The Photographers’ Sales Catalogue Collection of the Photothek
Adolphe Giraudon, Catalogue des Documents Artistiques en Photographie. Tous les genres et toutes les époques de l’Art , Paris 1889. Florence, Kunsthistorisches Institut in Florenz – Max-Planck-Institut, Photothek
For a long time, the catalogues photographers used when offering their pictures for sale were considered to be simply a means of communication between buyer and seller and a tool in building up art-historical photo collections. In recent years, however, these catalogues have themselves become the focus of research. They not only provide an important source of information on the working processes and commercial strategies of photographic studios and the techniques and dates of individual photographs, but – through their formal structure and content – also draw attention to the correlation between the history of art and the photographic trade. The lists provided by the catalogues played a significant role in the establishment of the art-historical canon and, therefore, in the codification of both national and international cultural heritage. In this connection, the project not only focuses on the scientific analysis of the more than 400 catalogues held by the Photothek, but also aims at processing the data and making them accessible on a platform that will enable the connection between the catalogues and the photographs in the Photothek. On the technical side the platform is a collaboration with the Institute’s Digital Research Coordinator. An online exhibition, which was created in cooperation with the Fondazione Federico Zeri, Bologna, has already described the scientific potential of these materials and has given insights in that special collection of the Photothek.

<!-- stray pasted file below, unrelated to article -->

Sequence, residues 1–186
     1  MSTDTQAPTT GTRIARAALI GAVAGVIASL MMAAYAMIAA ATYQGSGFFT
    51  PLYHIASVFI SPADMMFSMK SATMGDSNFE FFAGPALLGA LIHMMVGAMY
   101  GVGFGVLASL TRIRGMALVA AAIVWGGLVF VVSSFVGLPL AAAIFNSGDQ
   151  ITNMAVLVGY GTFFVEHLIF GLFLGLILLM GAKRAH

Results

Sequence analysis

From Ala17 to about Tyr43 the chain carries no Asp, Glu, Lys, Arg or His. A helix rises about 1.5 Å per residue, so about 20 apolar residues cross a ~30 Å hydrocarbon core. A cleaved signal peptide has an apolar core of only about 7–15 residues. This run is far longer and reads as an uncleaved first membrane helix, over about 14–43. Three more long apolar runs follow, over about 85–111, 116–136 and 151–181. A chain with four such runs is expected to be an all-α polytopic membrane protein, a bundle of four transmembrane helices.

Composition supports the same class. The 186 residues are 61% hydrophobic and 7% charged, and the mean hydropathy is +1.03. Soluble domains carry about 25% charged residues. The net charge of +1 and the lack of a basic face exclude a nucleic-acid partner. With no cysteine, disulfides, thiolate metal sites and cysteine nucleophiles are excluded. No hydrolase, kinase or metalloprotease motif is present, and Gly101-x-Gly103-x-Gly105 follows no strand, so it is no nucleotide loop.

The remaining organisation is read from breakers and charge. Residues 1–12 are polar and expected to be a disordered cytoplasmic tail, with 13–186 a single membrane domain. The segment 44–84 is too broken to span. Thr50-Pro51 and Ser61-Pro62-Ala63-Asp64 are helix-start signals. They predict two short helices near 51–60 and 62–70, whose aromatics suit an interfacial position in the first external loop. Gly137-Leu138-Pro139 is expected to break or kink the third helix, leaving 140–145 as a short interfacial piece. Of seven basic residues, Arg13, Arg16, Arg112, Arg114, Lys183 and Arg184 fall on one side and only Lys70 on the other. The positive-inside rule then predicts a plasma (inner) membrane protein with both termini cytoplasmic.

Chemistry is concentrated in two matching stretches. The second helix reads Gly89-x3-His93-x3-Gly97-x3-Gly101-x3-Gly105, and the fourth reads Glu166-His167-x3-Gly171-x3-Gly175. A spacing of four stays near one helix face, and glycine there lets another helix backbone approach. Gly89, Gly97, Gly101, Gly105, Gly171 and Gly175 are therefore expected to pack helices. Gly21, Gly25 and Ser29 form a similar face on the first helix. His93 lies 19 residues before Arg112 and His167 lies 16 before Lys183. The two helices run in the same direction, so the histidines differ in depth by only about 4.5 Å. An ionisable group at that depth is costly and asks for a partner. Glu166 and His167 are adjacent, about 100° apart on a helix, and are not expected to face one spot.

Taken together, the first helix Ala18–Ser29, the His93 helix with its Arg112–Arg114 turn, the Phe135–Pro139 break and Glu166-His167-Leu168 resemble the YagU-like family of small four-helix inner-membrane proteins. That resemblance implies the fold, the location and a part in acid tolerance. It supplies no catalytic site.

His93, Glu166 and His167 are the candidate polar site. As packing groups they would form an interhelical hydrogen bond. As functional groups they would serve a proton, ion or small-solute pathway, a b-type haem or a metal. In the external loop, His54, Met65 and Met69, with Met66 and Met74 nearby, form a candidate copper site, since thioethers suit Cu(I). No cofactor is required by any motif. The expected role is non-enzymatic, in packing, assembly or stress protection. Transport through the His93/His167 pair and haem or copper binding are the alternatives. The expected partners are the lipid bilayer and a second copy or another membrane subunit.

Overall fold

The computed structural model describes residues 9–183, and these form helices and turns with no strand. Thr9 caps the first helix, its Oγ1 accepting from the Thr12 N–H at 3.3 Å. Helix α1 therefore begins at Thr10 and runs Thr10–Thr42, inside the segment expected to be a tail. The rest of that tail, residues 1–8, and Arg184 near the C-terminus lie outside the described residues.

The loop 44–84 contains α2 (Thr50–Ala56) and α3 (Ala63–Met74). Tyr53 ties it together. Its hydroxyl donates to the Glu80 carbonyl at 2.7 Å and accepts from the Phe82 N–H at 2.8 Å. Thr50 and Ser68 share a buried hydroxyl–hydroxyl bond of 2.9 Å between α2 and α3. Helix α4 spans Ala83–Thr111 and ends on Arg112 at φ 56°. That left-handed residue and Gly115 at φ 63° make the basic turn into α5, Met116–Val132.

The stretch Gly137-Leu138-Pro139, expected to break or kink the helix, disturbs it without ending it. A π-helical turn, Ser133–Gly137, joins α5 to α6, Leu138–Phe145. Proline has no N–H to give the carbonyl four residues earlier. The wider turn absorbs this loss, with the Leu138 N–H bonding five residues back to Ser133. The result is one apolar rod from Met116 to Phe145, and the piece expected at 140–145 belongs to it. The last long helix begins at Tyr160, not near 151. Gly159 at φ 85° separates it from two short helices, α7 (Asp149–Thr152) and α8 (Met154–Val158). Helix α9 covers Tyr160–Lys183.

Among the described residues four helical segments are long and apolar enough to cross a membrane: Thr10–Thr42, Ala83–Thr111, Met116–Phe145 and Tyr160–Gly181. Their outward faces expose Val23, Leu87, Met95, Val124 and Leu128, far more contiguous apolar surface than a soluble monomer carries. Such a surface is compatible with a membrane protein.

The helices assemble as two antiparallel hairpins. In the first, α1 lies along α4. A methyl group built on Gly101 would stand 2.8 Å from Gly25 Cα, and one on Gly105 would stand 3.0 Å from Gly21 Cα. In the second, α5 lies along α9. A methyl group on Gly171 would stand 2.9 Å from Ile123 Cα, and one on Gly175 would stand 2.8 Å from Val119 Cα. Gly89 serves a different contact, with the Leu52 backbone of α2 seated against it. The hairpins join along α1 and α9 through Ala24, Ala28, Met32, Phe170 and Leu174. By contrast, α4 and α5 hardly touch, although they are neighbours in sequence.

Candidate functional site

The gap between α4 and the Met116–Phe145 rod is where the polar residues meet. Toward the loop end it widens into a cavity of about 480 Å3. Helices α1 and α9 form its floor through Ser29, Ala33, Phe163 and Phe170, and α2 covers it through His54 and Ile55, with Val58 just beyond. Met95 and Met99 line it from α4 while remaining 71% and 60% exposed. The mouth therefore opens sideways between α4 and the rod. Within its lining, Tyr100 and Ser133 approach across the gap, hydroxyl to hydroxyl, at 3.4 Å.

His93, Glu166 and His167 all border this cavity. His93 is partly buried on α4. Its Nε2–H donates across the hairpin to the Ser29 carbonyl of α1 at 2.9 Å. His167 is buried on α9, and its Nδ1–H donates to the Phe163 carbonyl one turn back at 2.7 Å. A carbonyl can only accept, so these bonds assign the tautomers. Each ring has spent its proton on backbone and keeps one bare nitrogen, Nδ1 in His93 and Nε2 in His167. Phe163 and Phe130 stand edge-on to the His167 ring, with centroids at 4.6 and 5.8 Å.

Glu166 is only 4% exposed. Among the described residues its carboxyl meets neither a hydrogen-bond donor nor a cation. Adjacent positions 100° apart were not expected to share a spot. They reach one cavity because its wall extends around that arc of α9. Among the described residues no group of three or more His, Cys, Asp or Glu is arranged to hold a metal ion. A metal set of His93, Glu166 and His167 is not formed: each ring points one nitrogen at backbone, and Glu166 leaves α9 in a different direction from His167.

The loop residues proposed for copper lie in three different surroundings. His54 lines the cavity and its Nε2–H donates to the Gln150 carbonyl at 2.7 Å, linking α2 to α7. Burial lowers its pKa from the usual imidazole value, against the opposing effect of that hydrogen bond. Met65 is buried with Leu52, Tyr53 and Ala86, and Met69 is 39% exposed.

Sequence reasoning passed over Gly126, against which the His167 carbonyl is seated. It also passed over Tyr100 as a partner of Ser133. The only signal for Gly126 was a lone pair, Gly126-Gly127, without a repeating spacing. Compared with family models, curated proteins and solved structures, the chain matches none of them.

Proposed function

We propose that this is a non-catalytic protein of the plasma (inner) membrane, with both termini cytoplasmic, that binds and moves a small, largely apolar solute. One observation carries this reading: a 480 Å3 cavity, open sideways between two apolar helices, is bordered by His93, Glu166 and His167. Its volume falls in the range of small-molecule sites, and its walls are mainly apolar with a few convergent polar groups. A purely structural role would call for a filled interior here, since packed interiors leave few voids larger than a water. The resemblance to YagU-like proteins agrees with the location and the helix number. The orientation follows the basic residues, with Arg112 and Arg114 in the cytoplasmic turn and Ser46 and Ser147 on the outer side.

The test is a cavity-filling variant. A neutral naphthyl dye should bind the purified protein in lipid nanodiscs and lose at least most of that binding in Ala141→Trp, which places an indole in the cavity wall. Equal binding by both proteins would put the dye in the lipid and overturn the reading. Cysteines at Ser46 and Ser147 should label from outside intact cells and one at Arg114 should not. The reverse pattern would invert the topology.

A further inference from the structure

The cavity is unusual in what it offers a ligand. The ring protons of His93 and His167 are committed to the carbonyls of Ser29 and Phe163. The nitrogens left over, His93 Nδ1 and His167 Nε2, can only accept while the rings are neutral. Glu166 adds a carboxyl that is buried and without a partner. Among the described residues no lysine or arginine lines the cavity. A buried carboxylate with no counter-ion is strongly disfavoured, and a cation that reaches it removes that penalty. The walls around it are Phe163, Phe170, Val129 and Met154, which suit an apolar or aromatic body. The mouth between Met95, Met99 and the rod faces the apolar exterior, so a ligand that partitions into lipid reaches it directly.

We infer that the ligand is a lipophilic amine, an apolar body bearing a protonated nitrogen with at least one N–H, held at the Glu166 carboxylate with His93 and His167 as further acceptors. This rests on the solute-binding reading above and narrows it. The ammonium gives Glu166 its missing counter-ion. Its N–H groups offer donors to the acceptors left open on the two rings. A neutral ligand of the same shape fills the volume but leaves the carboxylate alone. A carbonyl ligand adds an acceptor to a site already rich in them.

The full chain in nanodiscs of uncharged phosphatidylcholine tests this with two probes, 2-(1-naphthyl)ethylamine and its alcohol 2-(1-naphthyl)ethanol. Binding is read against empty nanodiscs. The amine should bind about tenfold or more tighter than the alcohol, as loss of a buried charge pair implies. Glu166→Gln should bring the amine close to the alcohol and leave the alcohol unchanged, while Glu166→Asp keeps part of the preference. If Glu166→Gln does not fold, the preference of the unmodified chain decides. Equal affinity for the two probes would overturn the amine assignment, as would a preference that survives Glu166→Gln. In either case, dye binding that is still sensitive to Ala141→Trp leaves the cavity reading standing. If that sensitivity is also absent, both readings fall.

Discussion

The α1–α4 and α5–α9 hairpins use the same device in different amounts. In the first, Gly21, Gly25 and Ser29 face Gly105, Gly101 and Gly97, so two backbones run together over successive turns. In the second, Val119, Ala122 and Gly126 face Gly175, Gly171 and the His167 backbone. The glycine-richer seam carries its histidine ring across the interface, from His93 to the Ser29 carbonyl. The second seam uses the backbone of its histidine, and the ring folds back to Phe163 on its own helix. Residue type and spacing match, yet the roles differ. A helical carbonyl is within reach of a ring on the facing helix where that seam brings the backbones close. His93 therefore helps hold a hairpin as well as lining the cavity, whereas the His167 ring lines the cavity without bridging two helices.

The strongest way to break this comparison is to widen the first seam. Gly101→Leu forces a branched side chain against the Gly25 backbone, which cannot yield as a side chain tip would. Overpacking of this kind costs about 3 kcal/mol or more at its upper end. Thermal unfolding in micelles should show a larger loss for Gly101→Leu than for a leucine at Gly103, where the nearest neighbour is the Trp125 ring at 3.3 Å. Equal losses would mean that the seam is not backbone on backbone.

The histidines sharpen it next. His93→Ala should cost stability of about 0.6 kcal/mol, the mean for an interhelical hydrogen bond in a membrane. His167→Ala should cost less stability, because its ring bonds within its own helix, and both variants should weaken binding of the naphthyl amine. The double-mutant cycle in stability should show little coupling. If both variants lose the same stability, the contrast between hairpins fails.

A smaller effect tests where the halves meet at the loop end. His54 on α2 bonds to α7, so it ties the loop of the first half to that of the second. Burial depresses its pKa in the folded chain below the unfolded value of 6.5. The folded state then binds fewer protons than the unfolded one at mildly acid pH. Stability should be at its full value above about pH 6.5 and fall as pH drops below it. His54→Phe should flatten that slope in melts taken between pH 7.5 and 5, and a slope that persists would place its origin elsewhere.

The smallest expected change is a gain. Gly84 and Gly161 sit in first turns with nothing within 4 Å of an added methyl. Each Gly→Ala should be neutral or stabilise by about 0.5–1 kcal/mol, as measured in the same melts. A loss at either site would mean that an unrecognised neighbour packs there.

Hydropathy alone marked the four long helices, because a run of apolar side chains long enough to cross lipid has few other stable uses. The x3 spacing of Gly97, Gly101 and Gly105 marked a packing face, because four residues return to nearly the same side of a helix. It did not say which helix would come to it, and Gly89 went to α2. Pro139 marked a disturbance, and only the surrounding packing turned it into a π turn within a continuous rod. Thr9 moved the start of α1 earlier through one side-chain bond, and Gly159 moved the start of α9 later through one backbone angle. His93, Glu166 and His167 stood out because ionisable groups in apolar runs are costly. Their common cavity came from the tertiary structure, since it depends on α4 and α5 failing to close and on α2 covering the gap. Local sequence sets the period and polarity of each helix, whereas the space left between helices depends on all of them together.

Almut Goldhahn: Cataloghi fotografici per la vendita: da strumento commerciale a oggetto di ricerca nella Fototeca del Kunsthistorisches Institut in Florenz
In: Un patrimonio da ordinare. I cataloghi a stampa dei Fotografi, Tagungsakten Bologna 2018, hrsg. von Pierangelo Cavanna und Francesca Mambelli, Bologna 2019, pp. 87–107